ACT calls the September 2020 changes “enhancements”,

but LEAP questions whether this will lead to opportunity or chaos.

Ultimately, the answer mostly lies with the colleges,

and what they will accept as official ACT scores.

Time will tell. Until then, here is what students can expect.

Online Testing Option

Starting with the September 2020 test, students will be able to choose between pencil-to-paper and online testing.  Registration for this will open after the July 18, 2020 test. Online testing has been available for state and district testing since 2015 and internationally (to reduce cheating scandals) since 2018.

The vast majority of state and district testing, including Ohio, is still pencil-to-paper. Feedback to LEAP is many schools who try online testing ultimately return to paper due to student performance; however, computer-based assessments seem to be part of the future. We suspect that test sites for online testing will be limited due to the infrastructure required to pull it off successfully.

Students opting for the online option will receive their results as soon as 2 business days. Pencil-to-paper testers currently receive results in their online ACT account as soon as 7 business days after testing.

Section Retesting

With the new “enhancements”, students will now be able to retest on only specific sections (English, math, reading, science and/or writing) after they have taken a full-length ACT either online or pencil-to-paper. Students are permitted to take the ACT up to 12 times (not recommended by LEAP though!), and this would allow students to focus their prep and retesting on only one section at a time, if they choose. Others may wisely opt to retest over the entire test at once in either pencil-to-paper or online format.

Details on Section Retesting:

  • Only available in an online format
  • Not available on state and district testing dates
  • Given on national test dates only at sites hosting online testing
  • Pricing is yet to be determined by ACT

ACT SuperScore Reporting

If you don’t know what a SuperScore is, learn more here in our previous blog post. Previously, for colleges accepting ACT SuperScores, students had to order multiple score reports via ACT to send to the colleges where the admissions office would then create the SuperScore.  At a cost of $13 per test date per school you send to, this can add up.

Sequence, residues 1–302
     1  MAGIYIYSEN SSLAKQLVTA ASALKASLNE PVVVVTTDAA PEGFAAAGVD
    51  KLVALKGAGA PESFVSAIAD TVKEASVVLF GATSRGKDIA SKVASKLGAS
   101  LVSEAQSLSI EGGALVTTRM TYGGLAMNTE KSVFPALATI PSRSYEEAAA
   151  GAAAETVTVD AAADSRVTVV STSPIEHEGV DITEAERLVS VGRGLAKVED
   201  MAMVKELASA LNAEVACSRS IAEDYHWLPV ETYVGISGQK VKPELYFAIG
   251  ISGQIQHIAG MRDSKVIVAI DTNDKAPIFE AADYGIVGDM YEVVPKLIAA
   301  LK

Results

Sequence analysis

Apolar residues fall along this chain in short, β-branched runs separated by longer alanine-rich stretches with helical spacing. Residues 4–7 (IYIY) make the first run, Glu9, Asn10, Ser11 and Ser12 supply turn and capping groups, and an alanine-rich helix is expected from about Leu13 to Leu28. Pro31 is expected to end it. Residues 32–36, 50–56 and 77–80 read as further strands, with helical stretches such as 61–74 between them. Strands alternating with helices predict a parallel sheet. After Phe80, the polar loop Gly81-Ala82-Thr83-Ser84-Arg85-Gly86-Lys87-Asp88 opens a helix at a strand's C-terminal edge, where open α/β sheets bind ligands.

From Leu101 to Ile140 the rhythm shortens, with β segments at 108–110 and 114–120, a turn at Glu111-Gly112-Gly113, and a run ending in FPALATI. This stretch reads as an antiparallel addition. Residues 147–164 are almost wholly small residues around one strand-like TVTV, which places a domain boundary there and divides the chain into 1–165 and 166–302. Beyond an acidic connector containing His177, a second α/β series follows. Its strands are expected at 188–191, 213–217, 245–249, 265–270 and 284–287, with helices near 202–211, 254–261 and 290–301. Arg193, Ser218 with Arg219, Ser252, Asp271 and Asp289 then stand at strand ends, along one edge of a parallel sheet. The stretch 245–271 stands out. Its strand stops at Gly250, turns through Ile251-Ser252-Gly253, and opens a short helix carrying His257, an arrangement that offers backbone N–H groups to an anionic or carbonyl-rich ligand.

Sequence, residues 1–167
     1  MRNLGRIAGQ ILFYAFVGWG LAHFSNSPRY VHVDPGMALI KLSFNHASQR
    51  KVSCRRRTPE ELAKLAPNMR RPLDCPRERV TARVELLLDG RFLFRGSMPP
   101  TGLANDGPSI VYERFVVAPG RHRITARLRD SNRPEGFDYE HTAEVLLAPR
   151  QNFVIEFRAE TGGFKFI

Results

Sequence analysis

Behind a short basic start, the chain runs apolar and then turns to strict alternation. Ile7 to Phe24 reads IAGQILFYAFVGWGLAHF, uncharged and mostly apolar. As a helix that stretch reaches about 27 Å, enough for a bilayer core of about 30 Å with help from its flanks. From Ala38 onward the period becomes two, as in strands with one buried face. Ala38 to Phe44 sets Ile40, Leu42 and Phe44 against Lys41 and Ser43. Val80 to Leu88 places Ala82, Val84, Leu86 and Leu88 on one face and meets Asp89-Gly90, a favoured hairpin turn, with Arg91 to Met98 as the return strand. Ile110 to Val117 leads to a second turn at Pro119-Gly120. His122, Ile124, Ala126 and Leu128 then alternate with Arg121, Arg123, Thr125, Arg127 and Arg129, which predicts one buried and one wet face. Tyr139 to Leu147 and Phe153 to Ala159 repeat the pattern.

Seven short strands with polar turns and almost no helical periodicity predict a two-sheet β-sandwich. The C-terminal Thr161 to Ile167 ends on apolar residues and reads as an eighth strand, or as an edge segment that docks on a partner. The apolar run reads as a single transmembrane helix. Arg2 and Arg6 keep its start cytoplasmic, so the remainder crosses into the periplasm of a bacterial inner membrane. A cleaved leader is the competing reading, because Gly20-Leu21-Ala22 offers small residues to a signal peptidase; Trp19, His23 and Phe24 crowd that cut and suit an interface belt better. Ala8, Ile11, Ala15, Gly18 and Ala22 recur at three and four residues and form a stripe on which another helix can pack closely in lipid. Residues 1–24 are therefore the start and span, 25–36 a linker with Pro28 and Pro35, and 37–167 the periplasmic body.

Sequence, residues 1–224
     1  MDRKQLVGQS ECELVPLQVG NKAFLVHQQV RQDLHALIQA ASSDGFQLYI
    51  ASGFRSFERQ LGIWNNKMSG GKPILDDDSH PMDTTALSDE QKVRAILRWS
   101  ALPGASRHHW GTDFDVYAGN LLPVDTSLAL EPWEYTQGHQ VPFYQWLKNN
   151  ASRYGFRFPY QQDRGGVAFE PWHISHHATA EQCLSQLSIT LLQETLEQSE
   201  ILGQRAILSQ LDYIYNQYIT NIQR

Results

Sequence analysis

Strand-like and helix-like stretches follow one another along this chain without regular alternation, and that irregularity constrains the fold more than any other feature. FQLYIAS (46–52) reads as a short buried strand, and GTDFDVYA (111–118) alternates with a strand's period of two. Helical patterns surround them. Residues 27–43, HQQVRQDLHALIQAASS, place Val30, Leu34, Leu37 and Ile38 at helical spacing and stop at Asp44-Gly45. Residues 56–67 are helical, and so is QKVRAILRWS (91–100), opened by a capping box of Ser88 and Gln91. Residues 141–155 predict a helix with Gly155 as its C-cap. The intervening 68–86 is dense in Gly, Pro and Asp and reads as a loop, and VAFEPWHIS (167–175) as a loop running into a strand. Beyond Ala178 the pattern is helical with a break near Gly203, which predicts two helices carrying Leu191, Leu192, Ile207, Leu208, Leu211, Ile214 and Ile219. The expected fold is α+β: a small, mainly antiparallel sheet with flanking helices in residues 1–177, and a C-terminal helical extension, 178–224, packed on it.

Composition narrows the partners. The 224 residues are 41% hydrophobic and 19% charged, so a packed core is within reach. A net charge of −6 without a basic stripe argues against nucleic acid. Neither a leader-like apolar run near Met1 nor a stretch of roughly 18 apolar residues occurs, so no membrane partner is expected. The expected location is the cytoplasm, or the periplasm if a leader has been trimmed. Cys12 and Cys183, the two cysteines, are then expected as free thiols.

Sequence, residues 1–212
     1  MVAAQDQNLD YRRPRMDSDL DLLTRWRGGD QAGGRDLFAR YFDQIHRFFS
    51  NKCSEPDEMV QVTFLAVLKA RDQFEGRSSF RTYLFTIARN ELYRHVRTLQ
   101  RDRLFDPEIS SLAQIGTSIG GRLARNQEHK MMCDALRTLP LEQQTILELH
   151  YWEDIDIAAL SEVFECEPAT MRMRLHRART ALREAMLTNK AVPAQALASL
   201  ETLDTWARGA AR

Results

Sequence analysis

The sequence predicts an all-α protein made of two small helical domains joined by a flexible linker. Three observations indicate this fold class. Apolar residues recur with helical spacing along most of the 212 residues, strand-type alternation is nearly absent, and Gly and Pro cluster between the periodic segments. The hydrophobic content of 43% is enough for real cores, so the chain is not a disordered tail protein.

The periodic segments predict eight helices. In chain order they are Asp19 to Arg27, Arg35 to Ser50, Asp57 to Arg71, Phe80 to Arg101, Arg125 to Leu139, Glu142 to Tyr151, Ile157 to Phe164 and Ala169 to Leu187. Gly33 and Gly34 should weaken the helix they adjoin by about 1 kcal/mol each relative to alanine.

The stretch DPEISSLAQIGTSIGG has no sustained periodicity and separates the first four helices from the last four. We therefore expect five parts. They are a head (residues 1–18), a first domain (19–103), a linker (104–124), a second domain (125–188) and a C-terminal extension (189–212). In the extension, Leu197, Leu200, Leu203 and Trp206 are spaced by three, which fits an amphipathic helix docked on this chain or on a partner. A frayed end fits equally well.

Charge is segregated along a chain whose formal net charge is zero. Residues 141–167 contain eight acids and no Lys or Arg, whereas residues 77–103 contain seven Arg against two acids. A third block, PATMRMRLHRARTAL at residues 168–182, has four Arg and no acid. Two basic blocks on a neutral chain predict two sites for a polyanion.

Beginning in the fall of 2020, ACT will actually create a SuperScore report in-house that can be sent to colleges. We’ve got the list of colleges that SuperScore here – get your copy!

Colleges Have the Final Word

With all the changes, one thing doesn’t change: colleges are in charge.  They rule the roost by each creating their own unique admission test policies. Some SuperScore; some don’t. Some are test-optional; others aren’t. Some require the writing portion; most won’t. It goes on.

What remains to be seen is how colleges will respond to the “enhancements”. Will this move more schools toward SuperScoring ACT and SAT? Will colleges permit scores from section retesting to be considered? The jury is out.

Until then for the class of 2021 and beyond, LEAP highly recommends students create a testing timeline, prep plan and retest strategy that sets the student up to meet the most stringent of college ACT policies which would be section retesting not permitted. We will update our advice as the colleges decide on admission policies. Stay up to date by subscribing to the LEAP blog.

Contact us for expert assistance on your individualized testing plan.

Email or Phone: 513-754-2240

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